Amnesty International Warns Of War Crimes In The Tigray Crisis

The United Nations has warned last Friday of war crimes that had been perpetrated on the night of November 9 in Mai-Kadra, Tigray, the northernmost region of Ethiopia. This barbarity involves the killing with sharp weapons such as knives and machetes of approximately 500 labourers not subject to the conflict, according to Amnesty International. Witnesses and Prime Minister Abiy Ahmed firmly accuse the Tigray People’s Liberation Front, who went on the rampage after federal troops had claimed to have liberated the western part of Tigray. Since thousands of civilians have fled to Sudan, the latter sheltering them in a refugee camp as a result, the conflict fell into a double issue of displacement.

Director of Amnesty International East and Southern Africa, Deprose Muchena, has spoken: “The Tigray People’s Liberation Front commanders and officials must make clear to their forces and their supporters that deliberate attacks on civilians are absolutely prohibited and constitute war crimes.” Indeed, according to a distraught witness, “Those wounded told me they were attacked with machetes, axes and knives. You can also tell from the wounds that those who died were attacked by sharp objects. It is horrible and I am really sad that I witnessed this in my life.” Although Tigrayan officials denied their responsibility when the region’s leader Debretsion Gebremichael told Agence France-Presse that these accusations were “baseless.” However, photo and video evidence were there to confirm the accusations on Tigray People’s Liberation Front.

Article 8 of the Statute of the International Criminal Court firmly condemn war crimes. Therefore, it is crucial as Ms. Muchena stated that the Ethiopian authorities must immediately and impartially investigate this cruel attack on civilians and bring those responsible to justice in fair trials. The necessity to enforce the respect to international humanitarian law and human rights law in their operation is decisive to the extent that the safety and protection of civilians are fundamental and rightful.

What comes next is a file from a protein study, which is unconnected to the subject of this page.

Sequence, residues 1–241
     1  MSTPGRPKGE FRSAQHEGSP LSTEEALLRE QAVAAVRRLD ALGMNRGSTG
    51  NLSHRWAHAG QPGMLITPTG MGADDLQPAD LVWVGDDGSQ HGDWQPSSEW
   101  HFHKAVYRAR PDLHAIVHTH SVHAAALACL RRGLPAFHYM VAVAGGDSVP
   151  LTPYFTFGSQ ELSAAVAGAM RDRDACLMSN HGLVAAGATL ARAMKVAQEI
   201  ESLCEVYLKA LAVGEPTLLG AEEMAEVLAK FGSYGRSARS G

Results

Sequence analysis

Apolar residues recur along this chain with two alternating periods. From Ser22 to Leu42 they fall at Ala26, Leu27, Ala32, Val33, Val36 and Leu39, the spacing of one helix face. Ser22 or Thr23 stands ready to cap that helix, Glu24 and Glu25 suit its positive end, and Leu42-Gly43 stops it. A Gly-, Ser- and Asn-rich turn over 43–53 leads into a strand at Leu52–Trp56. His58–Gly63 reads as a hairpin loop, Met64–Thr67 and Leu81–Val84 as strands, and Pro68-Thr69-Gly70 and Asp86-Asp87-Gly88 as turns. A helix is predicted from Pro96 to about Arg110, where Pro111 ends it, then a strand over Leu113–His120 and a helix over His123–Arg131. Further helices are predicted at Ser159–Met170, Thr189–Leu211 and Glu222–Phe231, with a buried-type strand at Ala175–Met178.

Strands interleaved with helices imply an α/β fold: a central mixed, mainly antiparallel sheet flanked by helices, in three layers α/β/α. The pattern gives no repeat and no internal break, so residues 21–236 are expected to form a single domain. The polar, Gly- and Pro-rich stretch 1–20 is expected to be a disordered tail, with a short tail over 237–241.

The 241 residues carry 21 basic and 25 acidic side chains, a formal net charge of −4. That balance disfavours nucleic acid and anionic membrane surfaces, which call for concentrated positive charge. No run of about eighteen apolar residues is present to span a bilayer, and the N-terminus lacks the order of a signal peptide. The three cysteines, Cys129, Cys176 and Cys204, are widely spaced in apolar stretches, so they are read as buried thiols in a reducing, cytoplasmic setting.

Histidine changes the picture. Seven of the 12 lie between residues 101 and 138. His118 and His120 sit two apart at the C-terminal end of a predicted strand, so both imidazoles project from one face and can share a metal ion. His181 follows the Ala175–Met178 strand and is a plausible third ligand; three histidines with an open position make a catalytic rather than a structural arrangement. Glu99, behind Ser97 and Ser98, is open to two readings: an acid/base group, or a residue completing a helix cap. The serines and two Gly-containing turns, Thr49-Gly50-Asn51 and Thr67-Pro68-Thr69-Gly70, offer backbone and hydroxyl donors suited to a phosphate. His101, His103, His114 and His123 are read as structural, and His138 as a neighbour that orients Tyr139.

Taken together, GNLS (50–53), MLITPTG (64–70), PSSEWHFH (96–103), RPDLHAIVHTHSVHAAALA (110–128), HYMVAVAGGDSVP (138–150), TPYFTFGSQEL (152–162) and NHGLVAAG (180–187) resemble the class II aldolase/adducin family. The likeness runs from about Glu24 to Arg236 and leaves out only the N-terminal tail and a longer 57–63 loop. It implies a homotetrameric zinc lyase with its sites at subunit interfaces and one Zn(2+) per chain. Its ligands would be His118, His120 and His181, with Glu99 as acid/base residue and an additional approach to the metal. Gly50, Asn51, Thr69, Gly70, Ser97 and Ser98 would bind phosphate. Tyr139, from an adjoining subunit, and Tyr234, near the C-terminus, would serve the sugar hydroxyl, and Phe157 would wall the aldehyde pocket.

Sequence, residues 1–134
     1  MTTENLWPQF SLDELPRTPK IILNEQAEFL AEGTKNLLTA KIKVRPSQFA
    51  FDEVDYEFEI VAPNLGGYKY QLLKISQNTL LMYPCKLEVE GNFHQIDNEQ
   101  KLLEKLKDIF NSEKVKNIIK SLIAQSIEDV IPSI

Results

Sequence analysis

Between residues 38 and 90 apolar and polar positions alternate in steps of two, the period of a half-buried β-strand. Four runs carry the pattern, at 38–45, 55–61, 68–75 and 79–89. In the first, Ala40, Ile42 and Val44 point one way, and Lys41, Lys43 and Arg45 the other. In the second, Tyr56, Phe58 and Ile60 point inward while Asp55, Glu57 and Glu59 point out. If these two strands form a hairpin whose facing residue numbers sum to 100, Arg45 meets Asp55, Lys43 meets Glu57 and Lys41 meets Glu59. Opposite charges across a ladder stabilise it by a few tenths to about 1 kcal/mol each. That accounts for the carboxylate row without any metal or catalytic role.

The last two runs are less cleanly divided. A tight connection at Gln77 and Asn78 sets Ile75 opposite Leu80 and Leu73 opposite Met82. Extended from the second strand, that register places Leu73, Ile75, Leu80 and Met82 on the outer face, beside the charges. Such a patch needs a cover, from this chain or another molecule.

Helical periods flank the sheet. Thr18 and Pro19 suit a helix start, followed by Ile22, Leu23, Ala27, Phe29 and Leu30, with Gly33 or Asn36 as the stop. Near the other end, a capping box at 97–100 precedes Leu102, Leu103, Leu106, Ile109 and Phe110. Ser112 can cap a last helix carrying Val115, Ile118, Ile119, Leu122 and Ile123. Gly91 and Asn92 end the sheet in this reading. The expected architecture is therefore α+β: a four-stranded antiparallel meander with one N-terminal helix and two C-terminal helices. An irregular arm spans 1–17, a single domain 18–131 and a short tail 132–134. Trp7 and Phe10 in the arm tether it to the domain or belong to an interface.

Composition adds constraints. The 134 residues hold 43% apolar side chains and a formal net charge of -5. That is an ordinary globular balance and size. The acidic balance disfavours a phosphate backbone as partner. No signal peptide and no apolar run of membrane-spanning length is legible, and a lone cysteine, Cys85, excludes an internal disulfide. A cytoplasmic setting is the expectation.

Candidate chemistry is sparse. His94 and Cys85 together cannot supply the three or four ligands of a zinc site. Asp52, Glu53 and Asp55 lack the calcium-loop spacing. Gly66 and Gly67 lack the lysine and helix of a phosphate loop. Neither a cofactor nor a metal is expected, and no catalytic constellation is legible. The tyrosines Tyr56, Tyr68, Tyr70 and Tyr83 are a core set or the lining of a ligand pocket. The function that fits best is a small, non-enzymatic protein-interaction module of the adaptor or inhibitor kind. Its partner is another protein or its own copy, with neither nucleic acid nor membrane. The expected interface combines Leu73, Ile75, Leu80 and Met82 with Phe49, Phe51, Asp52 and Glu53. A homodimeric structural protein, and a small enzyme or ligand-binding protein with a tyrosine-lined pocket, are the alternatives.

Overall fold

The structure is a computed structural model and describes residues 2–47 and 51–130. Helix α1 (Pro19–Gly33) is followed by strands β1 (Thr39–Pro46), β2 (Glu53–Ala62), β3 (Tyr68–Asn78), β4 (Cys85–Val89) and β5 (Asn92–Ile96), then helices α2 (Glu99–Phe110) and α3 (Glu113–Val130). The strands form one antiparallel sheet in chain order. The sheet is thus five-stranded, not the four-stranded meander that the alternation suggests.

The Tigray crisis finds its roots last September when Tigray had held its own parliamentary election which was defying a government ban on elections due to the COVID-19 pandemic. Consequently, the Prime Minister Abiy Ahmed called the election illegal. As a result, he carried out an attack against a military installation in the Tigray region where several  soldiers were killed. According to Ahmed, who was willing to send troops in order to make a compromise and bring a sort of calm, the situation deteriorated. The deployment of military in Tigray region threatened the possibility of a civil war in Ethiopia, first resulting on the attack in Mai-Kadra.

In fact, the Tigray’s administration interpret Abiy’s actions as an attempt to build a unitary system of government going against the actual federal arrangement. However, not any discourse could support the TPLF inexcusable actions after they suffered a defeat at the hands of federal Ethiopian Defense Forces. Thus, the top priority remains to stop the fighting in order to prevent any further atrocities. Indeed, more than 11,000 Ethiopian refugees have crossed the border into Sudan and aid agency officials have confirmed that hundreds of thousands may follow in their footsteps.